America the Gullible
“....I gladly err, nor do I wish this error which gives me
Pleasure to be wrested from me while I live.”- Marcus Tullius Cicero
As someone somewhere at some point probably said, you can go broke real quick betting the under on the gullibility of the American people. After all, the American people are the people who elected the people who voted for Prohibition, only to quickly realize that we needed a stiff drink. Americans fell for a Federal holiday celebrating labor. We bought pumpkin spice in products other than pies, where it belongs. We still have the designated hitter! But nothing has ever demonstrated the gullibility of Americans like election 2016.
In one corner are people gullible because they actually think their candidate is what the media portrays her to be: the smartest, most qualified human to ever run for any elected office in any country on any planet in any galaxy. Not only does she care about the people, but she is actually exactly like them. She sends her staffers and confidants emails about yoga and weddings and never about attacks on one of our diplomatic compounds or other classified stuff. She has the ability to fix our healthcare system, even though she had the crap idea that currently has us behind the eight ball herself 25 years ago.
They’re also gullible about her political opponents. It’s easy to fall for the idea that the only possible reason to oppose her is that she’s female when being female is really the only thing she’s got going for her, but most of us actually oppose her on policy grounds. Her being a woman has exactly zero to do with it, although opposing the odiousness of her character is a nice bonus to the policy reasons. In fairness to her supporters, she has spent decades using the “they hate me because I’m a woman” angle, so maybe they’re not so much gullible as suffering from some sort of Big Lie syndrome.
The other side’s true believers are at least as bad. They actually think that even though voting procedures are set at the state level where their party controls the majority of the relevant offices that somehow the other side is capable of an intricate voter fraud scheme. Why do they buy into this absurd notion? Because their guy and his surrogates told them it was so, despite the easily checkable and obvious fact that barring the collusion of literally thousands of people on their side, it’s impossible. The slightly less gullible among them will tell you that what is meant by “rigged” is the media coverage and not actual election fraud, but that’s just them whistling past the graveyard where their incredulity is buried.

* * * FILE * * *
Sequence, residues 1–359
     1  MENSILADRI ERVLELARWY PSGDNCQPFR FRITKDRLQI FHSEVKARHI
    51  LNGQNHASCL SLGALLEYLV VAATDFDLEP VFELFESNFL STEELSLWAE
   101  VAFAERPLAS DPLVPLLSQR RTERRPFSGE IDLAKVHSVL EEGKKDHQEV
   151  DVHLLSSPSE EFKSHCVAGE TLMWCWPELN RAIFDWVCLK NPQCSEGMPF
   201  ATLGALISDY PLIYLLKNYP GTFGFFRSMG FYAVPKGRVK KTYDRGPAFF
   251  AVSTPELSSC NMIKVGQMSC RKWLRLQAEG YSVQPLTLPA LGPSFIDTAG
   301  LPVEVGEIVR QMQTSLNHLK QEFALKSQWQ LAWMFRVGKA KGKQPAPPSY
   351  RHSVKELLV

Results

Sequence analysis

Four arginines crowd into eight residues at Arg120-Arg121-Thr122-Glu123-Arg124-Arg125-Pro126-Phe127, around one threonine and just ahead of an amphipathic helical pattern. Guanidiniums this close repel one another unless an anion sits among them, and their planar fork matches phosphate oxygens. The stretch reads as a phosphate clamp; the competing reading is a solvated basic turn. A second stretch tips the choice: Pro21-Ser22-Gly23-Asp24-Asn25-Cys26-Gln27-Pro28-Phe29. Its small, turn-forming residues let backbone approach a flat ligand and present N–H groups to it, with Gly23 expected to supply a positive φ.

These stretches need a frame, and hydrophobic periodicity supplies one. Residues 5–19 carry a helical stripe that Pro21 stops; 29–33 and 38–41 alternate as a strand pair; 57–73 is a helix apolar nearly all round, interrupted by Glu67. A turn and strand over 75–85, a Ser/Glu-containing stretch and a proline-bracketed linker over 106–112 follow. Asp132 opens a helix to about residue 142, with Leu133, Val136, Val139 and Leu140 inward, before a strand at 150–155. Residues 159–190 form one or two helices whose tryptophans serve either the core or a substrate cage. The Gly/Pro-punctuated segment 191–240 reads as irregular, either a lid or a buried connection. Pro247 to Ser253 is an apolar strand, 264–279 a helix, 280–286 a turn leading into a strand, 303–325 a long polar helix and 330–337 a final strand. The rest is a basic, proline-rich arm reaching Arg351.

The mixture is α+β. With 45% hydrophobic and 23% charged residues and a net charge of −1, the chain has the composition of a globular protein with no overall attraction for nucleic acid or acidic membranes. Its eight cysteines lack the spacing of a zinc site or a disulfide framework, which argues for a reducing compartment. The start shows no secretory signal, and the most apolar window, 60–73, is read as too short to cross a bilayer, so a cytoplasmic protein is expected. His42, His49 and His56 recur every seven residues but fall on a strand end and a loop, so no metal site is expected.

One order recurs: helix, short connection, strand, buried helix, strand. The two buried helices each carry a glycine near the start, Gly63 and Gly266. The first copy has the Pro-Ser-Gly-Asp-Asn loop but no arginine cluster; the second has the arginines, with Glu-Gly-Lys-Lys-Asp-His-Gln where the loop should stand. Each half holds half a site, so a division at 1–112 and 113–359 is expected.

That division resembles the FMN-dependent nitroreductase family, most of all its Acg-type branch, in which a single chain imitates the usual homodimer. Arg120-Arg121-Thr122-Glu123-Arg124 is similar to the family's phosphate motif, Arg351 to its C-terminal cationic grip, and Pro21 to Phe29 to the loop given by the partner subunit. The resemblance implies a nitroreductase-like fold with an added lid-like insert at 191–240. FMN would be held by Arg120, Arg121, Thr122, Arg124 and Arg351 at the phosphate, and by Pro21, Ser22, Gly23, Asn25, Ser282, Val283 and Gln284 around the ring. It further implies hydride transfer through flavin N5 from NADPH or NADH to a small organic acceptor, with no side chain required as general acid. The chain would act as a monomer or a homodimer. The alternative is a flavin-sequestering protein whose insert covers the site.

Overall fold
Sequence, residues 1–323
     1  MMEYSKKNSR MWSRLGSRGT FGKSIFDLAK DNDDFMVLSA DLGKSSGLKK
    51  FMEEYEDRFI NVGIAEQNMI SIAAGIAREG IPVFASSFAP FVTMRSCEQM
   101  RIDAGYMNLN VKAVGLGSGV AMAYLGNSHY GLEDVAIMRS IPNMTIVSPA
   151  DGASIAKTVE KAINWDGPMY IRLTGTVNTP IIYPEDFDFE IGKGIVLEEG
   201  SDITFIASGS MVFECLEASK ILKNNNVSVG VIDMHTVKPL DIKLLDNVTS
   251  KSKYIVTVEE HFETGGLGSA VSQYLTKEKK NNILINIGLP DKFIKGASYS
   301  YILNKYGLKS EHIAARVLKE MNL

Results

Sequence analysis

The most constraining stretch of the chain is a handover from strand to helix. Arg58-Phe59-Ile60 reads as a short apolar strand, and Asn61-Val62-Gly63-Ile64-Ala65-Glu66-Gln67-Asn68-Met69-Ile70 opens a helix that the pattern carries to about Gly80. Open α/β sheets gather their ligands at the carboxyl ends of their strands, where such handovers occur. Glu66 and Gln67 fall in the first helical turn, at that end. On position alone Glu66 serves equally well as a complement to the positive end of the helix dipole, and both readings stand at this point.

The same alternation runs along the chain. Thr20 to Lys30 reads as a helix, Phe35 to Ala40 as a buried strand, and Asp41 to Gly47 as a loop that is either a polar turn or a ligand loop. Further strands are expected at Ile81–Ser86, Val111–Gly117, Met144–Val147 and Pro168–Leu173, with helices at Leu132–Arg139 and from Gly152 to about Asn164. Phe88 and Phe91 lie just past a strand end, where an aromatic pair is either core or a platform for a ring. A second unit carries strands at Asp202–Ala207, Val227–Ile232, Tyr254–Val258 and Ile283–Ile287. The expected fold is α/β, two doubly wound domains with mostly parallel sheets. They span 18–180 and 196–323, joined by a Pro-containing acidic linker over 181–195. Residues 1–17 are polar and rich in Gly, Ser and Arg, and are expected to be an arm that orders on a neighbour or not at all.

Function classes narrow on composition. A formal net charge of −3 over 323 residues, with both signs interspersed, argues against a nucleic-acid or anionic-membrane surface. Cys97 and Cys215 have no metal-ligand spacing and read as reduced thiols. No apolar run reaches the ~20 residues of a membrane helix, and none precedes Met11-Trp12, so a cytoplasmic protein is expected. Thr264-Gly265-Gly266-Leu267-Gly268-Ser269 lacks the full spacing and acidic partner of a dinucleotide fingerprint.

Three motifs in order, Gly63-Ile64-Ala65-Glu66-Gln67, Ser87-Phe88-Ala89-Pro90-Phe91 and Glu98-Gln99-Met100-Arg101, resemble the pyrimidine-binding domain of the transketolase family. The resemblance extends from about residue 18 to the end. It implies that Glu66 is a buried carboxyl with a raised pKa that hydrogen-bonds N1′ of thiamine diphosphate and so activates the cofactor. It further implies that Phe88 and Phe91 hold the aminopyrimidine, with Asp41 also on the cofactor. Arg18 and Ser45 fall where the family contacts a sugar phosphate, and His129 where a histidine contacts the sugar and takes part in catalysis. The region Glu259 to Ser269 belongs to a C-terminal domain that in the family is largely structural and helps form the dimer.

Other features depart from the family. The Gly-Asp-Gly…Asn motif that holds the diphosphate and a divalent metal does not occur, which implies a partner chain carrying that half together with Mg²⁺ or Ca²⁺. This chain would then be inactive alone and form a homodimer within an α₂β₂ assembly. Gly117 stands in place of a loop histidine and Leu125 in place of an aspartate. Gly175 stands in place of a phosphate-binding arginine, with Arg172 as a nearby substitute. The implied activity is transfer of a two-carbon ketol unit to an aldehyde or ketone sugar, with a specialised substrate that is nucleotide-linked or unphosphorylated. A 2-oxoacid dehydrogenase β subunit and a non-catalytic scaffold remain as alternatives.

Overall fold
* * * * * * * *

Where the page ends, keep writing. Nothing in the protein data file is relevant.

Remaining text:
The Never Eithers aren’t immune to gullibility. You have to be fairly exploitable to buy into the idea that the best way to fix your party or political movement is to expunge anyone and everyone who had the insolence to do something like vote for their party’s nominee, no matter how unacceptable they personally find that nominee. It’s not as if that would completely destroy any chance of rebuilding a viable opposition force to your political enemies. Come to think of it, it actually sounds like something your political enemies might be actively encourag...nah, that’s tinfoil hat territory, surely.
Where do I fall on the gullibility scale, you ask? The truth is I’m probably more guilty of being fooled than anyone. I thought that for most Americans politics was still somehow a thing apart in our national life: that, while we may differ on how we wish to be governed, there was agreement that we were all interested, at least at the national level, in fundamentally serious and genuine leaders. By this, I mean that we lived with the knowledge that there’s always a chance we could vote for someone who turns out to be a criminal or all around dirtbag, but that most of us wouldn’t vote for someone who we already knew to be a criminal or all around dirtbag.
I truly still thought that two Americans could hold diametrically opposing views on the role of government and recognize that they both honestly and earnestly believe their way was best for the country as a whole: that politics, for most of us, wasn’t just about having more of our guys on the roster than the other team. I still actually believed that there were more than one or two politicians who would do what was right because it was right, regardless of the political ramifications. I still thought that being “American” was more important to most people than being “Democrat” or “Republican.” I honestly was still under the impression that the majority of Americans loved their country more than they loved their government. How’s that for gullible?
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Just a gaggle of people from all over who have similar interests and loud opinions mixed with a dose of humor. We met on Twitter.